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Thread: Simple Arithmetic Program (help pls)

  1. #1
    Join Date
    Apr 2009
    Calgary, AB, Canada
    Ubuntu Studio 9.04 Jaunty Jackalope

    Simple Arithmetic Program (help pls)

    I have a simple mathematical process i would like to automate with a program of some sort. Maybe even a basic shell script. I would like to have the user specify (or be prompted for) a few variables "A" "B" "C" and "M". Where A,B, and C are values in units of time aka HMS (hh.mmss). And M is in units of MiB.

    A+B+C=TT (in HMS, whats the syntax for adding HMS units in the shell?)

    A HMS-> / TT HMS-> = AX (unitless factor)

    Where "HMS->" (aka HMS OUT) means to convert HMS to a decimal number (unitless).

    And repeat for B and C, resulting in AX,BX, and CX.

    Then simply:

    AX*M=AS (in MiB)
    BX*M=BS (in MiB)
    CX*M=CS (in MiB)

    The desired output would be the numerical values of AS,BS, and CS.

    I know theres probably many ways to do this, any suggestions would be helpful. To keep it simple i would prefer a simple bash script if possible.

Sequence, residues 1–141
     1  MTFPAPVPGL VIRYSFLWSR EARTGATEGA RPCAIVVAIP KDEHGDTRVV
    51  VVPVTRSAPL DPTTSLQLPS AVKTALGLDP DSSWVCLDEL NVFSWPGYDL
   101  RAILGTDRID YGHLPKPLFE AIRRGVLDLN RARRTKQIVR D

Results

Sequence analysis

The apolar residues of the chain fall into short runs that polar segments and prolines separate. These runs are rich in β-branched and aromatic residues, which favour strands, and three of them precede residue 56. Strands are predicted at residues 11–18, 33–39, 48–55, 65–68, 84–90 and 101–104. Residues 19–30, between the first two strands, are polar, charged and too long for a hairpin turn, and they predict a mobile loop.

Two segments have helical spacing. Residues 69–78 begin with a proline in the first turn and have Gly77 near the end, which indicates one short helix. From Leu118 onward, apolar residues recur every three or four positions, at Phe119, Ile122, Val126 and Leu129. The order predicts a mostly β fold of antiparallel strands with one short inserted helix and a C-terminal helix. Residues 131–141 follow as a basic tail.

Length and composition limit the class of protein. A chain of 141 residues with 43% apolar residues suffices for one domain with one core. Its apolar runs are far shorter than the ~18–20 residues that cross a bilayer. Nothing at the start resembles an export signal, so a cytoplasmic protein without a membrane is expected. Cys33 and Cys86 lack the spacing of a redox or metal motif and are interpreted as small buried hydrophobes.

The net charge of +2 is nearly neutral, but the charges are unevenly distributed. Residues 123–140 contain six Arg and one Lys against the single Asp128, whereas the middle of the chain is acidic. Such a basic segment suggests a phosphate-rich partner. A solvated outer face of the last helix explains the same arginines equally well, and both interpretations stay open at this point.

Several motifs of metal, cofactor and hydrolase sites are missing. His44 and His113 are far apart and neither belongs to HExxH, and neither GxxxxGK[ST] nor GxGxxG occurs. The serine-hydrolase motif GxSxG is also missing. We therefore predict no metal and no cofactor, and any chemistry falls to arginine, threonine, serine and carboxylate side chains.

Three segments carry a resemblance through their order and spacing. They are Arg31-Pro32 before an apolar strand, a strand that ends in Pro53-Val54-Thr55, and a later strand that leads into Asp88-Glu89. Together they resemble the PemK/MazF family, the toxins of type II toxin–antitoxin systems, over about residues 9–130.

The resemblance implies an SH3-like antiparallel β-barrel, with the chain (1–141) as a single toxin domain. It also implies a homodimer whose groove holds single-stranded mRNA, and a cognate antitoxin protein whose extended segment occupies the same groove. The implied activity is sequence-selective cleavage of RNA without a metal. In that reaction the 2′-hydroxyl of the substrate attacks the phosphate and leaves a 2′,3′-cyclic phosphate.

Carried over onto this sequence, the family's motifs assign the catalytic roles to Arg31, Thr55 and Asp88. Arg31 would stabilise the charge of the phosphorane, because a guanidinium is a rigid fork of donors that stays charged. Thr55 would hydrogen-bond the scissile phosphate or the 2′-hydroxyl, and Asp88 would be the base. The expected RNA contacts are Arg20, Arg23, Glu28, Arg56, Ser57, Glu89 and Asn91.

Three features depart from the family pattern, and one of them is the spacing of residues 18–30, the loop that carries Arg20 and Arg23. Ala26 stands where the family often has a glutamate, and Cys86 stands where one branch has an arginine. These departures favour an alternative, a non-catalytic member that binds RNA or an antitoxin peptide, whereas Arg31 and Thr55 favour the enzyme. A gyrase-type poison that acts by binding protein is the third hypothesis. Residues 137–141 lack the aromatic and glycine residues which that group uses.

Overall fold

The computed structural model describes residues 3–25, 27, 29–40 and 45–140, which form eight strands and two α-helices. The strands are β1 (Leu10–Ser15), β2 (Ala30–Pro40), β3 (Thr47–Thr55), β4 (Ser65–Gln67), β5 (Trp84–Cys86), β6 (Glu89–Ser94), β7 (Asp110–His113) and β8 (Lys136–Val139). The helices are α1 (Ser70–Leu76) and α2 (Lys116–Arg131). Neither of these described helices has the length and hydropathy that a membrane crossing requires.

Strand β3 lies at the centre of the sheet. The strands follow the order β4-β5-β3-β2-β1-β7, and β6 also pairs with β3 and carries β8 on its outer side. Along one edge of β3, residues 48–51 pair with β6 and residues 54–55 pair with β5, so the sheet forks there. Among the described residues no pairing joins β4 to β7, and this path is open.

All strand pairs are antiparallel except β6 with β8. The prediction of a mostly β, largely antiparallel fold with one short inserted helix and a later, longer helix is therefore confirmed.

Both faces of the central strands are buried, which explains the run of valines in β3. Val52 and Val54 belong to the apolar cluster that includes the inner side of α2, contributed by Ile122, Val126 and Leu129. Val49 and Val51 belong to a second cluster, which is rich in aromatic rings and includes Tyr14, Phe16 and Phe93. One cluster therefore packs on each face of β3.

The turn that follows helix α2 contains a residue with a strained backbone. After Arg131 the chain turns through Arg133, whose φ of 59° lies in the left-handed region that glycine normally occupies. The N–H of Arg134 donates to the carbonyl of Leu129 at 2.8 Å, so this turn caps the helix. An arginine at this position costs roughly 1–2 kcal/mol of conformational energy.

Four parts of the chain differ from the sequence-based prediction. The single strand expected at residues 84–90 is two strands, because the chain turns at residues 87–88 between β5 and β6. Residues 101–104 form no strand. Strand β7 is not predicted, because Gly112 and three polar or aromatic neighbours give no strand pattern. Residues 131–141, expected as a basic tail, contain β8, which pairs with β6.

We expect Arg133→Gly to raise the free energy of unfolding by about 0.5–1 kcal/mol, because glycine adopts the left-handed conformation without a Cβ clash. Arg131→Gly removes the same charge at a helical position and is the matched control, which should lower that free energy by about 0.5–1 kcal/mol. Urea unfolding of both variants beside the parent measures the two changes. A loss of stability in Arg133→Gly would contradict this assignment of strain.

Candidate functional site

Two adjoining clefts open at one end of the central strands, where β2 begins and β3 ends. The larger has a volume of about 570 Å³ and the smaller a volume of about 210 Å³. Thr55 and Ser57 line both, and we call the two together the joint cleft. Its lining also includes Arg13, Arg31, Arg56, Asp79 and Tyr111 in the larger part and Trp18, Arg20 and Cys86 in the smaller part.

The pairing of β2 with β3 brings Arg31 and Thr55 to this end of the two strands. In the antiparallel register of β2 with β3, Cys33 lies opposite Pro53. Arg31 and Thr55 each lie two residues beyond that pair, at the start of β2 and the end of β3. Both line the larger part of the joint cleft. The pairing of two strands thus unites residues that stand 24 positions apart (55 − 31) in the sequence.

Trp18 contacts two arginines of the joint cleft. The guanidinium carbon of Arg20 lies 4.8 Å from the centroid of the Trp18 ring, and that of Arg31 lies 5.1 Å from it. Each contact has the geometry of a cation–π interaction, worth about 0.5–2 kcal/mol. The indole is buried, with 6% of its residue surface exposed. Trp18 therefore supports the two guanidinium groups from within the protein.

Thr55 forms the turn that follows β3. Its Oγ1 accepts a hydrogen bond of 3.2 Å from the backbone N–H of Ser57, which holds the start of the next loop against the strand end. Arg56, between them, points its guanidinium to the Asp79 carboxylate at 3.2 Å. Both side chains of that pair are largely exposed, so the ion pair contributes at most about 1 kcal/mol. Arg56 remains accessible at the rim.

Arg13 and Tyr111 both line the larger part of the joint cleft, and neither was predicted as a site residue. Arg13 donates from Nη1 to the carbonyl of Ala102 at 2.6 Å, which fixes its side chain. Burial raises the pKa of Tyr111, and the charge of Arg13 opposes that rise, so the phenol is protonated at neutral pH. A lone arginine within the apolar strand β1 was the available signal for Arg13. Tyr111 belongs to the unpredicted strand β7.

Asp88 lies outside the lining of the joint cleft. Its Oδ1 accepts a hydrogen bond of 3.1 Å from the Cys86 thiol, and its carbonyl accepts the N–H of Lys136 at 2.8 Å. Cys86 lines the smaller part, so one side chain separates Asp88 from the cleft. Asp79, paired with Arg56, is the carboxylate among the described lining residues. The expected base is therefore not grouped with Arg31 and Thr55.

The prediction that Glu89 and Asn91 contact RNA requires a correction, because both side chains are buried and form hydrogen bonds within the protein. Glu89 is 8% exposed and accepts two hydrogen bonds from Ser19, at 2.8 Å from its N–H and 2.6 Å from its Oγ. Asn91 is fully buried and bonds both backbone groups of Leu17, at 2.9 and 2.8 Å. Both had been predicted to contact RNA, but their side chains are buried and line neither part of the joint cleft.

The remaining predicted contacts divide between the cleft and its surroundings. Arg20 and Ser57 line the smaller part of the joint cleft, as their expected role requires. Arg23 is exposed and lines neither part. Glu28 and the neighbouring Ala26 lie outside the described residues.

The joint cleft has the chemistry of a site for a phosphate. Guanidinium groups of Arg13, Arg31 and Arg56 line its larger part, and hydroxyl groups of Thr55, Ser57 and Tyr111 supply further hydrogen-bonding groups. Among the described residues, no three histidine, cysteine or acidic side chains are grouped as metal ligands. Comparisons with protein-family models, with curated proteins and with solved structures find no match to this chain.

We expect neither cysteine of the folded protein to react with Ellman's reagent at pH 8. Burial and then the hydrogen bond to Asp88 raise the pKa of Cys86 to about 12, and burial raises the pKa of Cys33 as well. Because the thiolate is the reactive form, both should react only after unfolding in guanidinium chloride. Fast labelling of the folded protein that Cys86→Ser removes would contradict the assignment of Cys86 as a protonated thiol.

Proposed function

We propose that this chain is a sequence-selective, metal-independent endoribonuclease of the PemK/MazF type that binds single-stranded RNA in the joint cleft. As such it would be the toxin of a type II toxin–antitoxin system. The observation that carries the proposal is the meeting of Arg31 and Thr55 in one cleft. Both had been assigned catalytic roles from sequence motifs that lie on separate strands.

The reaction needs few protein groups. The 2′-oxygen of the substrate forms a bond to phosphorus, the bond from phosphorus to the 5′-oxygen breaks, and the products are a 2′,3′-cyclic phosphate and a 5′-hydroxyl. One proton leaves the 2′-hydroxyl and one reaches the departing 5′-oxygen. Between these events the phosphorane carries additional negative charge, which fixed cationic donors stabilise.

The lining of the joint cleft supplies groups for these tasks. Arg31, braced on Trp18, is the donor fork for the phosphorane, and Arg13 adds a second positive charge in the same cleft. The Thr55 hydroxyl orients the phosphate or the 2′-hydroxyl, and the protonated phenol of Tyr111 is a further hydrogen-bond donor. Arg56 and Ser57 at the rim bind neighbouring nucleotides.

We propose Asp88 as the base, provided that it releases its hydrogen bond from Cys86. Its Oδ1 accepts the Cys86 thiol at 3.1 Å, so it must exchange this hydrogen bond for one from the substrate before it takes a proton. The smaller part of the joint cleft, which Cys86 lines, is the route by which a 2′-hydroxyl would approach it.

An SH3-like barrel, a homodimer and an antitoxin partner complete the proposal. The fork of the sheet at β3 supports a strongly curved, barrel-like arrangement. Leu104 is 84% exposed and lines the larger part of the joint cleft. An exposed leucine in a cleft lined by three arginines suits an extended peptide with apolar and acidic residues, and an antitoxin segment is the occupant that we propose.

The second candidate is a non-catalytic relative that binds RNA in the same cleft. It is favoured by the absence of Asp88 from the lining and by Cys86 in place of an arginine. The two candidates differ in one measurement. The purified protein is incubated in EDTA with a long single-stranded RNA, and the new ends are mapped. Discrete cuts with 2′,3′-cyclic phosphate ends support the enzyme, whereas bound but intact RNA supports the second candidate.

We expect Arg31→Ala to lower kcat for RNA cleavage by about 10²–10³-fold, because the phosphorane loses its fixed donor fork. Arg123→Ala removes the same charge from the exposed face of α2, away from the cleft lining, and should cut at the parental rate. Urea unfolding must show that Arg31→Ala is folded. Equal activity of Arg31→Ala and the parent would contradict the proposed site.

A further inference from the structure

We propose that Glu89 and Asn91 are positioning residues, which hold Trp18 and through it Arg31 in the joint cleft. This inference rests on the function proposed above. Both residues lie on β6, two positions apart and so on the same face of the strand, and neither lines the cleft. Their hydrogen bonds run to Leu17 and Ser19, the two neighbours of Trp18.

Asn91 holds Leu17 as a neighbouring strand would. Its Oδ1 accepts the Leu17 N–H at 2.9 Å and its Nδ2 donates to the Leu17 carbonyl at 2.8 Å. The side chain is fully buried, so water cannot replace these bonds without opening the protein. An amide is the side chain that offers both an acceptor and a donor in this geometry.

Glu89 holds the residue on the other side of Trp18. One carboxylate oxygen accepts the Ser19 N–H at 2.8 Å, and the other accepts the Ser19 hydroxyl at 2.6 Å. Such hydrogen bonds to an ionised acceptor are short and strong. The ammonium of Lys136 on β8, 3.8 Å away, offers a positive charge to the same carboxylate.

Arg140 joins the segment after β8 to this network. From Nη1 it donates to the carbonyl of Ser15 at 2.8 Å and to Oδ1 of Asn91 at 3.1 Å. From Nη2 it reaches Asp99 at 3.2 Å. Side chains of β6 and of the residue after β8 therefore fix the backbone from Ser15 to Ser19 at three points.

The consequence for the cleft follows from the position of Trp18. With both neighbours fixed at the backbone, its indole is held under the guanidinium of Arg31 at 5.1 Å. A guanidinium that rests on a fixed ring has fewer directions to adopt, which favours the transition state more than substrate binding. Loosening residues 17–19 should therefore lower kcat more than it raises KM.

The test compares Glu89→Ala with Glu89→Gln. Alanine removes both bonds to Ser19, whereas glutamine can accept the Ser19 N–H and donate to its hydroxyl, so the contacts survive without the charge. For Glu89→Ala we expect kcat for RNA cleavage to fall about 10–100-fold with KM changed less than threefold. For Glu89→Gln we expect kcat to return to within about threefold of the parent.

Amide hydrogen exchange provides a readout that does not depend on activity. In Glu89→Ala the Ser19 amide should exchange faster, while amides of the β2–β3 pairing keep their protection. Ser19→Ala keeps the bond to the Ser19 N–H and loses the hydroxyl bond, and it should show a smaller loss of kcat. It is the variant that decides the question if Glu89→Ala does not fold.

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  2. #2
    Join Date
    Dec 2006
    Ubuntu 10.04 Lucid Lynx

    Re: Simple Arithmetic Program (help pls)

    I don't follow all your requirements, but bash can do simple integer arithmetic either on variables or constants, by enclosing in double parentheses. For example,
    $ echo $((2+2))
    $ A=2
    $ B=3
    $ echo $((A+B))
    For reading input from a user, there is the bash builtin "read"
    type "help read|less" (without quotes) in a terminal for usage
    There are no dumb questions, just dumb answers.

  3. #3
    Join Date
    Sep 2009
    Ubuntu 12.10 Quantal Quetzal

    Re: Simple Arithmetic Program (help pls)

    I don't really understand what you want to do but maybe this helps:

    To add unit of times you can use date, but the format has to be HhourMminSsec:

    $ date --date '1/1 05hour20min10sec 10hour00min10sec' +%H:%M:%S
    The 1/1 makes date adding the values to Do 1. Jan 00:00:00

    To convert a unit of time into an integer use the epoch time:

    $ date --date '1/1 15:20:20' +%s
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